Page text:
Halloween began way back before the ninth century as an association to All Saint's Day, which Catholics observe on November 1. It is a Holy Day of Obligation which remembers all those who have been blessed in Heaven.
Way back then, they used the word hallow for saint. November 1 was, accordingly, referred to as All Hallows. That made the evening before, October 31, All Hallows Even… or, you guessed it…hallowe'en, for short.
November 2 was celebrated as All Souls Day, a day to remember those in purgatory (a time-out for those souls who hadn't behaved enough to go directly to Heaven.) But what about those not in Heaven or Purgatory? If there is to be a Day of the Damned, it needs to find a different spot on the calendar because one thing's for sure: it's not Halloween.
What about all the occult aspects of the holiday?
The idea of the occult is Catholic, too, as it's based on our belief in the afterlife. During Hallowtide (October 31-November 2) it's thought that the boundary between the living and the dead was thinned, and ghosts or other communications from the "other side" were more likely to occur. Whether we want to admit it or not, we Catholics are a massively superstitious bunch. Those beliefs may have led to the practice of dressing up like ghoulies on Halloween.
Culture may have grown to associate Halloween with scary, dark, or even evil things but it's really just a way to observe and recognize our own mortality. Consider the Danse Macabre: an ages-old artistic rendering of the truth that beggars and Kings, and all between are united by Death. Danse art decorated cemeteries and churches, and was performed in verse and in dramatic performances. Writings from the fifteenth century proclaimed:
Wer war der Tor, wer der Weise,
Wer der Bettler oder Kaiser?
Ob arm, ob reich, im Tode gleich.
Whether foolish or wise, beggar or king, rich or poor, all are equal in death.
Perhaps modern man lives too lush and comfortable a life to believe we are conquerable by Death. Maybe we all believe we're a little bit immortal. Reminders of the inevitable end are considered an interruption to our lifestyles, a thing to be abhorred.
But let's face it: there is a skeleton walking around inside each and every single one of us. Where is the evil in that? It's just life.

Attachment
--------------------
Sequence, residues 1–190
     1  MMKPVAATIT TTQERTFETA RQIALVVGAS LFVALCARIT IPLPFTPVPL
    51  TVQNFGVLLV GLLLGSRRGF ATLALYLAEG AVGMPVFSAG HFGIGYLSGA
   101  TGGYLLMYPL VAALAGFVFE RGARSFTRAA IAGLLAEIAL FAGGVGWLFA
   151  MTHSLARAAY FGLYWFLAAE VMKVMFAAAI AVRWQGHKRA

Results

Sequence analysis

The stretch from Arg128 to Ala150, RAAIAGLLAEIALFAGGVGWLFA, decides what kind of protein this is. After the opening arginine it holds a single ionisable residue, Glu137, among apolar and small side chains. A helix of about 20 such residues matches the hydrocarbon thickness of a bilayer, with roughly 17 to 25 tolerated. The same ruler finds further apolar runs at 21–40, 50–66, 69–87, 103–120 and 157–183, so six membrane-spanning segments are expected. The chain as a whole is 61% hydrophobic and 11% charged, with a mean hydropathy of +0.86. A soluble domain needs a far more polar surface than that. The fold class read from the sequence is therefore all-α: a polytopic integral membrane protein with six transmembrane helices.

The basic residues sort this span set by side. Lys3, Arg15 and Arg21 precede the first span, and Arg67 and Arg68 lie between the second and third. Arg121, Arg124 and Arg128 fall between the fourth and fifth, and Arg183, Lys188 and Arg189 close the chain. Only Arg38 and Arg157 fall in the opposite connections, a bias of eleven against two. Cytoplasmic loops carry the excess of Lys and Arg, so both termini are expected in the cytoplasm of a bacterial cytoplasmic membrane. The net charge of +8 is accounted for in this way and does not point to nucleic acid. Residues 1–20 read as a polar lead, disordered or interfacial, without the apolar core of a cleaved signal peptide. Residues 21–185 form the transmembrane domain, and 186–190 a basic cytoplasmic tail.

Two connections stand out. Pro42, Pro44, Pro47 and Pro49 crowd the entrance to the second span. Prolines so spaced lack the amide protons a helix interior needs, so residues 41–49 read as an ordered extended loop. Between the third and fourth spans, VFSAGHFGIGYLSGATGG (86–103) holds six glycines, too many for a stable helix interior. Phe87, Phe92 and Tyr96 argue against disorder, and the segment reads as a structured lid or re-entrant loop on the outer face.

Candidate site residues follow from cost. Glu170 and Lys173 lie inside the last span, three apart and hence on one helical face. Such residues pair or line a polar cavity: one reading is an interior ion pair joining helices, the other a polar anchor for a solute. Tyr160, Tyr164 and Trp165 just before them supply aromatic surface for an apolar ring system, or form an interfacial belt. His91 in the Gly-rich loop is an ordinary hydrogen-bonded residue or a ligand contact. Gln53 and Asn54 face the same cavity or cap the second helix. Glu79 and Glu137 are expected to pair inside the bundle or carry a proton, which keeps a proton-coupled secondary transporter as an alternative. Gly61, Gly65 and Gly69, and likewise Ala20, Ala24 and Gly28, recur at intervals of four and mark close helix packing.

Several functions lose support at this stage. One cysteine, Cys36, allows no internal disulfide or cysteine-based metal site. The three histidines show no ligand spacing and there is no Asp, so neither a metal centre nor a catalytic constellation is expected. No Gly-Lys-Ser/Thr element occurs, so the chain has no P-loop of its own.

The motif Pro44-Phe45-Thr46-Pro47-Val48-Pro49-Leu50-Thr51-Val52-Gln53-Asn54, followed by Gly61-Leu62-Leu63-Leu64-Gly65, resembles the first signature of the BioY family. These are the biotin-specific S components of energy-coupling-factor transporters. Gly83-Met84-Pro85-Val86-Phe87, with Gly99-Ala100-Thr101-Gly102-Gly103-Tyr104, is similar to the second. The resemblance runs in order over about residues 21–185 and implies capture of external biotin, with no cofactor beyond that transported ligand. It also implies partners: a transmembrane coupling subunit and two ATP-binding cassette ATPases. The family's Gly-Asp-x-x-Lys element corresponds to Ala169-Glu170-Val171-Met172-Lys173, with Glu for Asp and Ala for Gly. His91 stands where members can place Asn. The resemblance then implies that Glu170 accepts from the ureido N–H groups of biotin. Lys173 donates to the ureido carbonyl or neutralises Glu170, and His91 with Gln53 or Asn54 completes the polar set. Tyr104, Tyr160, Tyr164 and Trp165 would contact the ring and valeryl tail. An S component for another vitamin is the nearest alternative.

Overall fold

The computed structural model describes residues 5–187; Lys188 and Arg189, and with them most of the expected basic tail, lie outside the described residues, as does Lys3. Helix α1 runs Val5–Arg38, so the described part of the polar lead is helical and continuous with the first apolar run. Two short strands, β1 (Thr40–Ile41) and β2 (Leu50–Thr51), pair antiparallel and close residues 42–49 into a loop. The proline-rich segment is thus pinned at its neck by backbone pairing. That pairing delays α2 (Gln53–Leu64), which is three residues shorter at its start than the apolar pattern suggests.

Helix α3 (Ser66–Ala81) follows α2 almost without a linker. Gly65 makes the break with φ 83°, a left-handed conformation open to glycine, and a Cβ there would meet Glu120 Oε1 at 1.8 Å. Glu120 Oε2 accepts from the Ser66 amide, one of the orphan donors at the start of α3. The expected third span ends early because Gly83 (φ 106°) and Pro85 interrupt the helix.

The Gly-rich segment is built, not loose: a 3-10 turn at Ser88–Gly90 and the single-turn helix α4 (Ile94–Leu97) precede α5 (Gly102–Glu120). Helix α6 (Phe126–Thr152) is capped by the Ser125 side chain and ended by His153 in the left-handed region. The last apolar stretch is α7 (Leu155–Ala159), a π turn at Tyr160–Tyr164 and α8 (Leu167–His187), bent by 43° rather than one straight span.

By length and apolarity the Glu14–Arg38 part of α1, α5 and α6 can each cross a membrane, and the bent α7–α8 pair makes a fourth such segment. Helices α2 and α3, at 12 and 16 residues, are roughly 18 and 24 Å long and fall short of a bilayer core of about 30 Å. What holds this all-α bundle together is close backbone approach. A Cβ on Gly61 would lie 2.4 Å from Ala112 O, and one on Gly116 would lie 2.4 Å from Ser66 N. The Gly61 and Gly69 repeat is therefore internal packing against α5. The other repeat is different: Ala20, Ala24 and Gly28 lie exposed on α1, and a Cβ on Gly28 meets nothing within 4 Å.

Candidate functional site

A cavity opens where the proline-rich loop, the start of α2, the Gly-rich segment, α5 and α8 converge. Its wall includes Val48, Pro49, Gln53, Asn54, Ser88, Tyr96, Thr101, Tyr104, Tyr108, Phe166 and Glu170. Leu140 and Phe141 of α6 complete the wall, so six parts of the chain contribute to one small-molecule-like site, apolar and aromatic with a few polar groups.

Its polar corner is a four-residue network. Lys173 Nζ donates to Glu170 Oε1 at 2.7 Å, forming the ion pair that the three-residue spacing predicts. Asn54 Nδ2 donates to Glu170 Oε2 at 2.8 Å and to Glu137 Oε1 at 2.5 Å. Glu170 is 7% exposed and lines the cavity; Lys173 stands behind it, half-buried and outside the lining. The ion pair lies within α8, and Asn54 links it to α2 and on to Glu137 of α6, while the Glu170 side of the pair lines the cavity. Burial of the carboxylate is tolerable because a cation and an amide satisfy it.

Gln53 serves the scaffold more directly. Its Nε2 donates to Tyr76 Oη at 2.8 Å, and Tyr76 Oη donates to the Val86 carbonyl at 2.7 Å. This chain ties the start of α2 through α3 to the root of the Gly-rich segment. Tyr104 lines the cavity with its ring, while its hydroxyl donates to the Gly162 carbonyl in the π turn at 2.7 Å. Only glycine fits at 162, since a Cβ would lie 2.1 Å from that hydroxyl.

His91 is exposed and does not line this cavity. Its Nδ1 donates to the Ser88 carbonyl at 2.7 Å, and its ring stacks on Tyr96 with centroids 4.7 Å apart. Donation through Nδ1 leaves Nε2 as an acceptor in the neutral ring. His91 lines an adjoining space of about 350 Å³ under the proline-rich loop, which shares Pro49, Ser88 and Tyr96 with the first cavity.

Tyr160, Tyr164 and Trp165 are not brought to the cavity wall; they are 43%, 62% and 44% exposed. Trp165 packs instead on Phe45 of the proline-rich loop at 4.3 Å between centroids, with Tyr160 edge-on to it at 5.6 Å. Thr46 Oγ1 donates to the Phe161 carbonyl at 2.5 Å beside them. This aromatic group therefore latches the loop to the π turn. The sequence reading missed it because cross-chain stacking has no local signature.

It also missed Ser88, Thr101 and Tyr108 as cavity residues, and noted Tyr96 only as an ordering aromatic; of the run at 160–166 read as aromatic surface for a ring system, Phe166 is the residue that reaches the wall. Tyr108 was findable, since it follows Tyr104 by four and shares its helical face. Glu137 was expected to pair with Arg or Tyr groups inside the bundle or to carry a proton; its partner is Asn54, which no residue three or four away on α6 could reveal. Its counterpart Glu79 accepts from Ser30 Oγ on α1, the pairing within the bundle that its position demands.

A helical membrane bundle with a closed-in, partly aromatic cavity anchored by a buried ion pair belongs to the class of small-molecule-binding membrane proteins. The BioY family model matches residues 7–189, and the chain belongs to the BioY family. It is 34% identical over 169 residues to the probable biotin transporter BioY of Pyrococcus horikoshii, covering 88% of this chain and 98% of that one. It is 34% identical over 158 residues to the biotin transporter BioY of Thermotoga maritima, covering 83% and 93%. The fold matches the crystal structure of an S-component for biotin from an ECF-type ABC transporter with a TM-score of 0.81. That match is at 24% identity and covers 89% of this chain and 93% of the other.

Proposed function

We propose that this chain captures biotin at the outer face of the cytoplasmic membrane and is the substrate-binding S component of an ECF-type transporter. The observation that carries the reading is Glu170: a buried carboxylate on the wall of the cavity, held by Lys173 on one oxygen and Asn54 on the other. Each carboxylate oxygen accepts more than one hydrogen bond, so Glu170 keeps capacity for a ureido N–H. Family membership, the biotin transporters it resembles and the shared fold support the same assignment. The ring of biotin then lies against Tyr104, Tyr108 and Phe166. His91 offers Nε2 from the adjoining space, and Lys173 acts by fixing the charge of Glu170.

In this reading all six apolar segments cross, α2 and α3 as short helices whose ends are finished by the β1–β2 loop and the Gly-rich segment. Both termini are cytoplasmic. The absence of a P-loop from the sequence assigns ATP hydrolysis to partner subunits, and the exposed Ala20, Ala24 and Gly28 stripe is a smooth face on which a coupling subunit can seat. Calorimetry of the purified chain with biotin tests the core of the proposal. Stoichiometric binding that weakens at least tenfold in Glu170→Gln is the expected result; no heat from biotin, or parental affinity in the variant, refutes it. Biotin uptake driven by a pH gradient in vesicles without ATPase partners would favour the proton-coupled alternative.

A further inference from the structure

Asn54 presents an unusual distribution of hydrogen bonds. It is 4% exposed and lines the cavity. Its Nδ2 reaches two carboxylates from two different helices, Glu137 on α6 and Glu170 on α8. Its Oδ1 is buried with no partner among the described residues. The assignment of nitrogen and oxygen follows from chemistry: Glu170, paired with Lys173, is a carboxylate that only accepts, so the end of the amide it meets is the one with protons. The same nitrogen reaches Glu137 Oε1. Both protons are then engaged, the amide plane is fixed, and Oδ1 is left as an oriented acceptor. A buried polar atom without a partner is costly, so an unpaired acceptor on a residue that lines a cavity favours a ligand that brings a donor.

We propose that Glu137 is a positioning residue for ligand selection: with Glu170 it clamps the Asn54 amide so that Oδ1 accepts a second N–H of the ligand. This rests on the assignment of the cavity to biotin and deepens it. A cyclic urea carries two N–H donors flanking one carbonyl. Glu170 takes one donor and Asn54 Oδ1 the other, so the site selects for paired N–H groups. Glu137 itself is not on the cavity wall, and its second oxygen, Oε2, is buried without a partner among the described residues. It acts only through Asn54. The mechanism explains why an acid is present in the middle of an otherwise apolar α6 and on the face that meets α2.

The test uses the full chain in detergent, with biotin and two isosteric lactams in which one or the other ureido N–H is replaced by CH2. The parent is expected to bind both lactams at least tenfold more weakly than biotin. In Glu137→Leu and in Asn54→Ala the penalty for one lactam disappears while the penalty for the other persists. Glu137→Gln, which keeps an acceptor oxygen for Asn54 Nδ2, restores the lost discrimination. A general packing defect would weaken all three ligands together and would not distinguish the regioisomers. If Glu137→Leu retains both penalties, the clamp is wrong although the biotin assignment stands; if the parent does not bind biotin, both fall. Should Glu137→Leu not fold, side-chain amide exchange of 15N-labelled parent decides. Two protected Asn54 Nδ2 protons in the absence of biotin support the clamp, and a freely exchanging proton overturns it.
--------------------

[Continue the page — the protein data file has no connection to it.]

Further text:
So, to all the holy Hallow-haters, I say: relax. Halloween is an expression of my Catholic faith. I don't need a novena to save me from the dark side, even if I do wish every day was Halloween.
My stories are a reflection of my beliefs. Yes, I write about vampires and demons and the fight between Light and Dark, good and evil. I believe that fight is real, and is present in each of our lives to some degree. But I also explore the element of faith and the hope of redemption. Art imitates life, right?
And, while I may not wear my cape much these days (thanks, pharmacy day job, you party pooper, you) the sweet shadows and macabre poetics will always fill the corners of my heart.
Don't be afraid to let them fill yours, too.
Ash Krafton (@ashkrafton) is an author of speculative fiction. She's an unrepentant Ultimate Sinner who once guest-hosted a radio show on Sirius XM Radio channel Ozzy's Boneyard (and proclaimed Alice Cooper to be "dead sexy.") She also writes urban fantasy and paranormal romance, stories that seek to find redemption for her characters. Vampires, demons, reincarnation…you name it, she writes it. Currently, she's celebrating the release of the first in a new series of magic and mayhem: CHARM CITY (The Demon Whisperer #1) is available on Kindle Unlimited now.
I'm giving away three print proofs of CHARM CITY (The Demon Whisperer #1), each with a unique handmade charmed bookblade. (She loves the shiny things!) Want to try your luck? Enter now!